Finland considers ban on swastika

Central Helsinki skyline viewed from Kauppatori.
Central Helsinki skyline viewed from Kauppatori. Source: Kai Vare/ERR

Finnish national broadcaster Yle reports that following a proposal by MP Ben Zyskowicz, the Finnish government is considering a ban on the swastika.

The proposal by Zyskowicz is part of a larger package being prepared by a working group tasked with proposing concrete measures to effectively combat racism and discrimination.

The Finnish government established the task force after a number of racism-related controversies erupted in the country during the summer. The working group has also discussed the swastika's prohibition. According to Yle, however, there is no consensus among the ruling parties on the issue.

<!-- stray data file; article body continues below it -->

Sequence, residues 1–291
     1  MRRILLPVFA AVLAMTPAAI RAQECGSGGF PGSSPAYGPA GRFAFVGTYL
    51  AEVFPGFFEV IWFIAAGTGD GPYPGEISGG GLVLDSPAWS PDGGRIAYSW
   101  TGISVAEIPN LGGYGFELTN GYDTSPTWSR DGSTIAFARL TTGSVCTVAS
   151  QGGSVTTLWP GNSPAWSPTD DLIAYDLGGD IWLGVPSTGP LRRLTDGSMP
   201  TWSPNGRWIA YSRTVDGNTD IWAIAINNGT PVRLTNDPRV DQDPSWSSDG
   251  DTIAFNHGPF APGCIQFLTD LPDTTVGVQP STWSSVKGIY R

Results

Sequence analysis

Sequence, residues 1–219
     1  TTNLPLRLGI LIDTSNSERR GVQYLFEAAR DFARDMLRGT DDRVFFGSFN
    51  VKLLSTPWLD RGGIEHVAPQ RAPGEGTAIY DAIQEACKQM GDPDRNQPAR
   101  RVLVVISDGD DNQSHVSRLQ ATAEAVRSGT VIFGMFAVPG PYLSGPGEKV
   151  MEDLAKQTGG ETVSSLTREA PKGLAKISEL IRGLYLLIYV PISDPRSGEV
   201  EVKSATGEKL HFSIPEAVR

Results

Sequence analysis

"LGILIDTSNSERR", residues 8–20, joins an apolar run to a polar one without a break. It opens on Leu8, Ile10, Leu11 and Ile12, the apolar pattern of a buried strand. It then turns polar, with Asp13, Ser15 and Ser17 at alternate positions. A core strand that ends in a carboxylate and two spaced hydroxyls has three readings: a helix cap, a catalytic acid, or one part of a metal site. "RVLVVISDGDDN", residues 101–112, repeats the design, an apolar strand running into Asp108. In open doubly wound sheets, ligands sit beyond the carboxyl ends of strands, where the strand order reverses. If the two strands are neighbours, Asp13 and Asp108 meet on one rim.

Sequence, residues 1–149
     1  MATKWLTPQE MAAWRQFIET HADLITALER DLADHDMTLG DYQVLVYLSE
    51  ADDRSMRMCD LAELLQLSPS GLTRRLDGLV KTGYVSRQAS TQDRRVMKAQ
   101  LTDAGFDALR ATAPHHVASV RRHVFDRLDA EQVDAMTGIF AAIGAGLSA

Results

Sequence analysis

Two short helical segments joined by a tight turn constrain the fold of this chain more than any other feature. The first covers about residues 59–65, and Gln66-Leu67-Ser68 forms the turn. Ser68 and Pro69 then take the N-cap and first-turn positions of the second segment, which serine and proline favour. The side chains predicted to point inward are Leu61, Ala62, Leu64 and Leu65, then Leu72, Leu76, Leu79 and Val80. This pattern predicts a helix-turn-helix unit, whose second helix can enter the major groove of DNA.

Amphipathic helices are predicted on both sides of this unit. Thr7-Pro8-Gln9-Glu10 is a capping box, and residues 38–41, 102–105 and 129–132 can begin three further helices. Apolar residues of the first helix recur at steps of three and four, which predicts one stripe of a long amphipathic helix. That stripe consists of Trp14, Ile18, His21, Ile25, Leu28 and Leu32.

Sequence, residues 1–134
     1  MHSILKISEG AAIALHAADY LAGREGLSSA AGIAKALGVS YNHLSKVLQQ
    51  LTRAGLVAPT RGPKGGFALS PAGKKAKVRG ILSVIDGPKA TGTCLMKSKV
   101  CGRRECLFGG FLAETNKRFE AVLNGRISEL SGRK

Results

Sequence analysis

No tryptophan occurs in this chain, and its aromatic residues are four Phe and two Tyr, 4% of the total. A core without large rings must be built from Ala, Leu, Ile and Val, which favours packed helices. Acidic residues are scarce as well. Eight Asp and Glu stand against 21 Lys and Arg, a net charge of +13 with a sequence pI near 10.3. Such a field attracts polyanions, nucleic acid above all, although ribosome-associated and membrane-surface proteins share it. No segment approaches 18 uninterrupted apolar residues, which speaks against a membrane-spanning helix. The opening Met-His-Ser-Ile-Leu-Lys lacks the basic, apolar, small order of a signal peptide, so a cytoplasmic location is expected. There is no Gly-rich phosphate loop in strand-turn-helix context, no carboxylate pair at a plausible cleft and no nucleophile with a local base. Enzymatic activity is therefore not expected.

In addition to the swastika, Zyskowicz suggested that the hammer and sickle, the symbol of the Soviet Union, should also be prohibited.

Parliament is expected to vote on the working group's proposals in early September.

In ancient Scandinavia, the swastika may have represented the world's rotation around the North Pole; however, it became a negative symbol in the West when Nazi leader Adolf Hitler combined the swastika with the three colors of the German Imperial flag (red, black, and white).

There are a number of countries in Europe where the swastika is now banned.

The swastika is not banned in the United States; the U.S. believes that the government cannot judge people's political or religious beliefs.


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Editor: Karl Kivil, Kristina Kersa

Source: Yle

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